If you’re taking a type of medication known as tumor necrosis factor inhibitors, also called anti-TNF or TNFis, you may be wondering how these drugs could impact your chances of contracting COVID-19, or having more severe complications from it. After all, the common cold or other upper respiratory tract infections can be more common in people taking anti-TNF inhibitors.
On the other hand, some rheumatologists are pointing out that TNF biologics may actually be protective against COVID-19 inflammation — and they are calling for more clinical trials to study these drugs as a potential COVID treatment.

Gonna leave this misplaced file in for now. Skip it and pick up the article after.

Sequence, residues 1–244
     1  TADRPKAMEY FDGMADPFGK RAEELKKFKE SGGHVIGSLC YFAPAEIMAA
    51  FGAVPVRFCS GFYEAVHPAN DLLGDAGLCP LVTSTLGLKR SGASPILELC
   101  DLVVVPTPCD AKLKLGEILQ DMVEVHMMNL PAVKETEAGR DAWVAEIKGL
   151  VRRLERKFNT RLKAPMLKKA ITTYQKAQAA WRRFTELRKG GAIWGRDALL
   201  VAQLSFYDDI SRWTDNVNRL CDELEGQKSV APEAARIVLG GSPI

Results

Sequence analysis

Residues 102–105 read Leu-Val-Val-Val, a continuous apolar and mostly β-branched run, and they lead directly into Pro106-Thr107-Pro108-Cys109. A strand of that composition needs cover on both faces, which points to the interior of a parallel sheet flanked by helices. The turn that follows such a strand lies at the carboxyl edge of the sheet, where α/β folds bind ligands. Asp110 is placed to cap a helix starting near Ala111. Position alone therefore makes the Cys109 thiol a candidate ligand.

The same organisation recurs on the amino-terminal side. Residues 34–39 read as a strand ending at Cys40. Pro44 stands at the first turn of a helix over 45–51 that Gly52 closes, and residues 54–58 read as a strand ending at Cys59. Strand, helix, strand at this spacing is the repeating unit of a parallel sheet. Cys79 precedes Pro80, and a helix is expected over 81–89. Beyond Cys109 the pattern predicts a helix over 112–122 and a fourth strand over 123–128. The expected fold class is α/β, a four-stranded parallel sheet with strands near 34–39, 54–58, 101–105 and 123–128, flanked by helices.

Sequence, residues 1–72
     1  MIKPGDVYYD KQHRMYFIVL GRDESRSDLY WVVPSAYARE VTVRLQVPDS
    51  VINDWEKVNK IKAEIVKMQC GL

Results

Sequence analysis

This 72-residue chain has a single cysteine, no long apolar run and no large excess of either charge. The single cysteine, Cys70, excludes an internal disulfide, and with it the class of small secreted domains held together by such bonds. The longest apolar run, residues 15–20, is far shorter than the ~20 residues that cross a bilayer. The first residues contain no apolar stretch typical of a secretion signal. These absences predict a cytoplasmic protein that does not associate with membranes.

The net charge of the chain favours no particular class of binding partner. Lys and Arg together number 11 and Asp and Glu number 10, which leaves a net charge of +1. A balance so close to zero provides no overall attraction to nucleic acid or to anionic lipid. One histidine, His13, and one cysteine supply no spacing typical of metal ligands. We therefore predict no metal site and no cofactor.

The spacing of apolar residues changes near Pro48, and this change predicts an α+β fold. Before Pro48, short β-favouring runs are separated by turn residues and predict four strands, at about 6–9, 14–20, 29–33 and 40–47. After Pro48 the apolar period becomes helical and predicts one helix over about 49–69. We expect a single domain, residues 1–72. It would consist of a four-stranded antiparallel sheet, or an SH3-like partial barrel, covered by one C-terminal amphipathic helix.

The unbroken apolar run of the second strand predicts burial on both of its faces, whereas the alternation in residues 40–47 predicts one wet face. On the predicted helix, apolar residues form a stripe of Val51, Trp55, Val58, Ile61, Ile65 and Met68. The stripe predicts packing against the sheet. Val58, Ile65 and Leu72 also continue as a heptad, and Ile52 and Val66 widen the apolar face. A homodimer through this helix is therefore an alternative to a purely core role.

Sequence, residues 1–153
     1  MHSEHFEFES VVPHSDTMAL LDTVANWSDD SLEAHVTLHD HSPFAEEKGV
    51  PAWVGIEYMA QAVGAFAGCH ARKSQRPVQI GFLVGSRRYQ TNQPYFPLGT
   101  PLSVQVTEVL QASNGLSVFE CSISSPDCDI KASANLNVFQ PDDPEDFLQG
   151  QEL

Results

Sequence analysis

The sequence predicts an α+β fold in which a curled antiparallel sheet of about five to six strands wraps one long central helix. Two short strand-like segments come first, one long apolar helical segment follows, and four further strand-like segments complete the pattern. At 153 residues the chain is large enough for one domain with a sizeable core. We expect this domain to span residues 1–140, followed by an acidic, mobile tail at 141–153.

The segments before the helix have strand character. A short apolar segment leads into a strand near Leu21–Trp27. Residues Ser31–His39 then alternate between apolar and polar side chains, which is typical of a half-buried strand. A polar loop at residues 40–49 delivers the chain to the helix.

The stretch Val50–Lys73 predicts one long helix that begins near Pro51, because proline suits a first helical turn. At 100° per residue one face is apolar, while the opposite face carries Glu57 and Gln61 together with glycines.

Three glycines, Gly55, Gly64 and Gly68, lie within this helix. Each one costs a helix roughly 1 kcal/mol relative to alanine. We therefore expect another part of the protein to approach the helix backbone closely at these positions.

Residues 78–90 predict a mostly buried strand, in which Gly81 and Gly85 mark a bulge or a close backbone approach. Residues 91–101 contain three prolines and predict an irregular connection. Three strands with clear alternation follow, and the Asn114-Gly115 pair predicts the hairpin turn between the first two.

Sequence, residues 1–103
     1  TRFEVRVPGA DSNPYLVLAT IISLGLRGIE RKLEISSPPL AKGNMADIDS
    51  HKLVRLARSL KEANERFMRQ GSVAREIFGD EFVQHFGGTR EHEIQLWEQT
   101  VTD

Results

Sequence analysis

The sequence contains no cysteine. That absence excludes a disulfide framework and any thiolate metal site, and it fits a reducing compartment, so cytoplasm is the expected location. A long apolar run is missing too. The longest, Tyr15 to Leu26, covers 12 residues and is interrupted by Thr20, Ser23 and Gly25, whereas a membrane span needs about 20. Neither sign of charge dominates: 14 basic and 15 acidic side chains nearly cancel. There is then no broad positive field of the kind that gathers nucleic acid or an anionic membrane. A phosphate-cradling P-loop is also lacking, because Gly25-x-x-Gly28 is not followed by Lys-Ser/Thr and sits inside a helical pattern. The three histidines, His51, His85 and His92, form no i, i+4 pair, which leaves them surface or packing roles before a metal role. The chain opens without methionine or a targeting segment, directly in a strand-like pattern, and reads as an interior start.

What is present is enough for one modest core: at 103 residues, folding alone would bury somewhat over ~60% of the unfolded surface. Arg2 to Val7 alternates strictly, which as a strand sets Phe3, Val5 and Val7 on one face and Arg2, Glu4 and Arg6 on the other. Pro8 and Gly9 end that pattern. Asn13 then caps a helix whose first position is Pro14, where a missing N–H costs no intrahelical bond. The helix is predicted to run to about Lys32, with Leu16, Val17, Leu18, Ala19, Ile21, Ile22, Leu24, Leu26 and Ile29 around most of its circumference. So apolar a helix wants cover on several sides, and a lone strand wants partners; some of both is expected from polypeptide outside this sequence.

No wonder there is confusion and anxiety among the people who take these medications to manage conditions like rheumatoid arthritis, psoriasis, and Crohn’s disease.
While more research is needed to fully understand the impact of these medications on COVID-19, at least there is some preliminary data from the first few months of the pandemic, which is helping doctors and researchers make decisions help keep you healthy and safe.
We talked with top rheumatologist to help quell your fears and answer your questions. Read on to learn about how anti-TNF biologics work in the body, what the latest coronavirus research says, and how to best manage your inflammatory condition and minimize your risk of COVID-19.